IPCC Commissioner Mike Franklin, who leads on Stop and Search for the IPCC said: “In March 2010 I wrote to Chief Constables outlining the IPCC’s position on Stop and Search.
"Police powers to stop and search individuals can have a significant impact on public confidence in policing. It is the IPCC’s role, as guardian of the police complaints system, to look at the impact stop and search has and make recommendations on how interactions and engagement between the police and members of the public can be improved in this challenging area.
“The IPCC recognises that police powers to stop and search individuals exist, officers will use them and indeed the majority of officers carry out their duties and exercise these powers in a considered and professional manner, in sometimes very difficult and demanding circumstances. However, this is not always the case and we believe the use of stop and search can be highly intrusive especially where it does not result in an arrest and no proper explanation or justification given it can significantly undermine the individual’s and wider community confidence in policing.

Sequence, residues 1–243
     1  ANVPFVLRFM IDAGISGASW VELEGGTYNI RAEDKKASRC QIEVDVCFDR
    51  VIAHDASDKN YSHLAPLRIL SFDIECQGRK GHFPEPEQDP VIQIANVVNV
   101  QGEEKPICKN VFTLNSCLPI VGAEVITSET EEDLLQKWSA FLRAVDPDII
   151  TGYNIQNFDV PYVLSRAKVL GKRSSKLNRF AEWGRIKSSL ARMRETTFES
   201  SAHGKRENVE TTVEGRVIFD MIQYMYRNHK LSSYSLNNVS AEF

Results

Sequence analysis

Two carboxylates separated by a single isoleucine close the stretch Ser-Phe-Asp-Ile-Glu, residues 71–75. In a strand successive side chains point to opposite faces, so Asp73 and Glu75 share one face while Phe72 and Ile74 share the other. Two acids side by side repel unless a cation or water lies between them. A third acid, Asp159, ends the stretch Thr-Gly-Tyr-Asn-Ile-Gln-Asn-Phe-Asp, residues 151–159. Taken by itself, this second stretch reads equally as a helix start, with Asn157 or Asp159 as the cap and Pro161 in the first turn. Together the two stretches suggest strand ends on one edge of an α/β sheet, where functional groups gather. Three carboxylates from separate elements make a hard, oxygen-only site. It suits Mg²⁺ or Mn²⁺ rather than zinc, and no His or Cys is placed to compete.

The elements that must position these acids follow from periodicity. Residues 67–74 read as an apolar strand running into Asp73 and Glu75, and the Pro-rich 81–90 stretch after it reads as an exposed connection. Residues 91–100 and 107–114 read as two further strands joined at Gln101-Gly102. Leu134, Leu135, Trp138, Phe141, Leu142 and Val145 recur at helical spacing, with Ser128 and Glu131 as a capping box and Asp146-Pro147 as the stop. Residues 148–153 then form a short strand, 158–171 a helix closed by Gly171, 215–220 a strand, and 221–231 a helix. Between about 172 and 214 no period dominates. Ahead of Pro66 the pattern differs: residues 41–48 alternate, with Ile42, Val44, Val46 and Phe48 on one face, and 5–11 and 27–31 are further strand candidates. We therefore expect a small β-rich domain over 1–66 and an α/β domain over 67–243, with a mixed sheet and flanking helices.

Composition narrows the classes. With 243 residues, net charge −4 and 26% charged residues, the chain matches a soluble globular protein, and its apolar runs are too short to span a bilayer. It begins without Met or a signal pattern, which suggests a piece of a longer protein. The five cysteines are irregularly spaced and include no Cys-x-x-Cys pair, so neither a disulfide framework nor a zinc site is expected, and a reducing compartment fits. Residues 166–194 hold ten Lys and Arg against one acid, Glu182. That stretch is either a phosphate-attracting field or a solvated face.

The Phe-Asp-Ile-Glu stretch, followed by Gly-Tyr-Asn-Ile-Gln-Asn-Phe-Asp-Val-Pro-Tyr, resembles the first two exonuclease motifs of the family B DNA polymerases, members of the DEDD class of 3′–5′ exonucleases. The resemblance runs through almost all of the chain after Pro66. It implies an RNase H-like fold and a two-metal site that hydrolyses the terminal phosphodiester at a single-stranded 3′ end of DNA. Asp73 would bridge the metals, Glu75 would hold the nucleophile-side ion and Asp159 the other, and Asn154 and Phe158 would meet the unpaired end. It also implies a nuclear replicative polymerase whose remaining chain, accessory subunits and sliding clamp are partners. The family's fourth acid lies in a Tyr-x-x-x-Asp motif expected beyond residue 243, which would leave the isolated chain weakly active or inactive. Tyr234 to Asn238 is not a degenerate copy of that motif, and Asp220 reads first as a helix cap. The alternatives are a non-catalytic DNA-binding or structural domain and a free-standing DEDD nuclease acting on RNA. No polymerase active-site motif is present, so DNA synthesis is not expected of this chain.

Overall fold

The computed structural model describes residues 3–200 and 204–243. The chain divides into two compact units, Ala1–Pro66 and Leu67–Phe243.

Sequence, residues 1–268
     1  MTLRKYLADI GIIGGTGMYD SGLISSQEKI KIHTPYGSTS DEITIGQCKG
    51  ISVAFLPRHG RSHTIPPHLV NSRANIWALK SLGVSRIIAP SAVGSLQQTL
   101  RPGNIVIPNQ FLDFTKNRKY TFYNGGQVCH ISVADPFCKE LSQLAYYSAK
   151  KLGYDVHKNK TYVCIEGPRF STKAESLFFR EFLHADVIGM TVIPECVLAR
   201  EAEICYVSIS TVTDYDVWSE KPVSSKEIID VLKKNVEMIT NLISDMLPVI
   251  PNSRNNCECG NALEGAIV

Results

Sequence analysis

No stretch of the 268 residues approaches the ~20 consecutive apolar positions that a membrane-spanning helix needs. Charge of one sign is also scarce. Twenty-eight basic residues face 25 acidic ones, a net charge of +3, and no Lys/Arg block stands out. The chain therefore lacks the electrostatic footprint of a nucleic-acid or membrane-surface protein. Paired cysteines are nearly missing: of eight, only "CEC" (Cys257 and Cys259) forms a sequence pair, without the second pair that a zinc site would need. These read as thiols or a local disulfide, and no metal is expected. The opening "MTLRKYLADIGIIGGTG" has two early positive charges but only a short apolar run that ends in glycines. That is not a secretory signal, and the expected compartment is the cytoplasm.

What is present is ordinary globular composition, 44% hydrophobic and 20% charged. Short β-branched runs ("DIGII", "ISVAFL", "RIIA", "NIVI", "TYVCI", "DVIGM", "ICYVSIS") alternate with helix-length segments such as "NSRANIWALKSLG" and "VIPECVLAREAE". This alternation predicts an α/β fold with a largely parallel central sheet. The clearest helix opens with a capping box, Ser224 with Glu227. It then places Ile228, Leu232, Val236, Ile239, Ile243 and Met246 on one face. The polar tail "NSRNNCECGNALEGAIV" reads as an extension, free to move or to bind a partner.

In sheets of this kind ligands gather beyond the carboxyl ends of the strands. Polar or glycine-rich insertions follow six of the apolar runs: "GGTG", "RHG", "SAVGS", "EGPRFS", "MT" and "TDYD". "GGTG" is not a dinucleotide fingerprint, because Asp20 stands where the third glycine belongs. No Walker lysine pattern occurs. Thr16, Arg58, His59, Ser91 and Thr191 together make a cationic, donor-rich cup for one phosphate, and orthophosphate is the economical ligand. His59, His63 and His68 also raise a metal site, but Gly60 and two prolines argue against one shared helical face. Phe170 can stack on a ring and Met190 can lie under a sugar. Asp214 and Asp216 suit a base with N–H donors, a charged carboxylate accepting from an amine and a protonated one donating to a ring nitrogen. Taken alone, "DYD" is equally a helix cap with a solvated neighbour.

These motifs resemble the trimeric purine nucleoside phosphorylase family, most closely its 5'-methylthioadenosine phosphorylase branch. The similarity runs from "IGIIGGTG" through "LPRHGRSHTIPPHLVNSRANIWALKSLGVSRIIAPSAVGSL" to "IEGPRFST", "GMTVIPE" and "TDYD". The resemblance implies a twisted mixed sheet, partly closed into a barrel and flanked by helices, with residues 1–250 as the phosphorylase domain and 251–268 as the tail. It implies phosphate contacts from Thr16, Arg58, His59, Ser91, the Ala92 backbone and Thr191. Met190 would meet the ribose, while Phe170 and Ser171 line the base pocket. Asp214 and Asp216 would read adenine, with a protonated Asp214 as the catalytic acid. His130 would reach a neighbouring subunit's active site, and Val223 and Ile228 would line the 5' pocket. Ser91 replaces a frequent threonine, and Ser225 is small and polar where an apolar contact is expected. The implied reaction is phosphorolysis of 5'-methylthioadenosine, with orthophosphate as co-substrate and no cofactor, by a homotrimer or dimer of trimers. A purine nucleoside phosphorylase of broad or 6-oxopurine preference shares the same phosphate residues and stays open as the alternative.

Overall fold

“We are committed to addressing issues raised by stop and search and believe when police use these powers they must do so in a way that is demonstrably fair, effective and carries public confidence.
“It is also essential to improve the dialogue between police, communities and individuals so there is a better understanding why stop and search powers are being used, and what efforts are being made to ensure they are fair, effective and have the confidence of the public.”
© Independent Police Complaints Commission All Rights Reserved